A Bad Night for Abortion Rights
Alabama and West Virginia voters preemptively criminalized abortion in case Roe v. Wade is struck down. But voters in Oregon defeated an attempt to restrict coverage.
Last Updated at 11:40 p.m. ET
At a time when advocates on both sides of the issue either fear or hope that Brett Kavanaugh's appointment to the U.S. Supreme Court will increase abortion regulations and limit women's access to the procedure, voters in Alabama and West Virginia have taken away a woman's right to an abortion.
The new laws, however, will be largely unforceable unless Roe v. Wade, the 1973 case that legalized abortion, is overturned or severely gutted by the new Supreme Court.
Meanwhile, voters in Oregon defeated a ballot measure that would have ended abortion coverage for public employees and Medicaid patients.
West Virginia's ballot measure will have one immediate effect: Medicaid, the nation's health insurance for the poor, will no longer cover abortion services in the state.
With 96 percent of precincts reporting, West Virginia's Amendment 1 passed with 51 percent of the vote. The measure will change the state’s constitution to ensure that nothing in it “secures or protects a right to abortion or requires the funding of abortion." It will also make receiving or performing an abortion punishable by up to three to 10 years in jail.
"West Virginia doesn’t see ballot fights like this. We usually vote on road bonds and things like that, but we don’t vote on contentious issues like this," said Margaret Chapman Pomponio, CEO of WVFree, an advocacy group campaigning against the ballot measure.
Alabama's ballot measure, meanwhile, was approved 59 percent to 40 percent. It will not only change the state’s constitution to explicitly state that there is no right to an abortion but will also recognize the "sanctity of unborn life and the rights of unborn children, including the right to life."
Fetal rights propositions are controversial, even among some anti-abortion advocates. Recognizing fetal rights could criminalize some forms of birth control or fertility treatments. Mississippi, a red state, had a measure on the ballot in 2011 that would have established life as beginning at conception. But it was defeated. Alabama's approval of a fetal rights measure signals a further push to the right on abortion in solid red states.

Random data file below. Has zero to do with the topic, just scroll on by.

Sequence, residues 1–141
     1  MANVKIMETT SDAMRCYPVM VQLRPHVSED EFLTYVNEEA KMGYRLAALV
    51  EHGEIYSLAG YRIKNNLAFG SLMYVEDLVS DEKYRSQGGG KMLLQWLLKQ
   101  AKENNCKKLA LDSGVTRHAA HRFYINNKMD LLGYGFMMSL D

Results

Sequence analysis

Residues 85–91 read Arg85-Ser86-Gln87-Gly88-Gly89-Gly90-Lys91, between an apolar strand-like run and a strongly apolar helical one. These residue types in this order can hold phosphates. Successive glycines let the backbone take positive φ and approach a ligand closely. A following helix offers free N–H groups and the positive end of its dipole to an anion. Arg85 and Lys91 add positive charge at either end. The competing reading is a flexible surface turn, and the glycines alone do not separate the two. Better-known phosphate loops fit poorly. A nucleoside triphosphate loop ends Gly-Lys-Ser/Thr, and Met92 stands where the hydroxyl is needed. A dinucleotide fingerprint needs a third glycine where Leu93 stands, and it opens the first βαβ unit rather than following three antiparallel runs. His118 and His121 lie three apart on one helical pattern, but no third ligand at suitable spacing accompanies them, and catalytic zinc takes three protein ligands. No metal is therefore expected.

Planned Parenthood, the ACLU and Democratic lawmakers came out against both measures, while Republican lawmakers and Right to Life associations came out in support of them.
The win in Alabama comes despite heavy spending from the opposition, which raised more than $1 million, largely from Planned Parenthood. Supporters only had about $8,000 on hand. Spending in West Virginia was light, with only $9,000 on hand from supporters and none from opponents.
Oregon, however, represented a bright spot for abortion rights advocates on Tuesday.
Measure 106 would have ended abortion benefits for public employees and women on Medicaid. Oregon is one of 17 states that allows taxpayer dollars to fund abortion coverage for public health plans. But it was defeated 66 percent to 34 percent.
This is the fourth time Oregonians have voted down abortion restrictions in the past few decades.
The Oregon Catholic Conference and the state’s Right to Life PAC supported Measure 106, while Democratic Gov. Kate Brown, the ACLU and Planned Parenthood were against it.
Getting measures on the ballot often starts a year before an election. So while none of the measures in these three states are a result of the changes on the Supreme Court, each will offer a test of voters' feelings about the issue. And with Kavanaugh's confirmation, experts expect more states to push the boundaries of abortion law.
“We’re looking at about a dozen of abortion cases making their way through the courts where the outcome could upend Roe," said Elizabeth Nash, state policy expert for the Guttmacher Institute, a research organization that supports abortion access. With's Kavanaugh's appointment, "I think it’ll up the ante.”
For results of the most important ballot measures, click here.